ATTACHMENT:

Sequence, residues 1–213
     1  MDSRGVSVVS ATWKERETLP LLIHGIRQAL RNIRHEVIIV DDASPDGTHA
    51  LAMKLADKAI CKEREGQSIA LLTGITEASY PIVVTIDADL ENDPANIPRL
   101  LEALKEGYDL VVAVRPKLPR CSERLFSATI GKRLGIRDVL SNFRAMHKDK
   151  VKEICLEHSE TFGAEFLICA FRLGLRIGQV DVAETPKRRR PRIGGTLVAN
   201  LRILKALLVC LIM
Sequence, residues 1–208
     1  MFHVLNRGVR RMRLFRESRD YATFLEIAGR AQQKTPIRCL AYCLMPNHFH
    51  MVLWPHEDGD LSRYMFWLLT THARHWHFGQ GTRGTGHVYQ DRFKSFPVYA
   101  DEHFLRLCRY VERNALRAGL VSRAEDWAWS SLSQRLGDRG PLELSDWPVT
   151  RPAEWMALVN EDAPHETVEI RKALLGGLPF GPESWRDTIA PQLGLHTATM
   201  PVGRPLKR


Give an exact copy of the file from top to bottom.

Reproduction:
Sequence, residues 1–213
     1  MDSRGVSVVS ATWKERETLP LLIHGIRQAL RNIRHEVIIV DDASPDGTHA
    51  LAMKLADKAI CKEREGQSIA LLTGITEASY PIVVTIDADL ENDPANIPRL
   101  LEALKEGYDL VVAVRPKLPR CSERLFSATI GKRLGIRDVL SNFRAMHKDK
   151  VKEICLEHSE TFGAEFLICA FRLGLRIGQV DVAETPKRRR PRIGGTLVAN
   201  LRILKALLVC LIM
Sequence, residues 1–208
     1  MFHVLNRGVR RMRLFRESRD YATFLEIAGR AQQKTPIRCL AYCLMPNHFH
    51  MVLWPHEDGD LSRYMFWLLT THARHWHFGQ GTRGTGHVYQ DRFKSFPVYA
   101  DEHFLRLCRY VERNALRAGL VSRAEDWAWS SLSQRLGDRG PLELSDWPVT
   151  RPAEWMALVN EDAPHETVEI RKALLGGLPF GPESWRDTIA PQLGLHTATM
   201  PVGRPLKR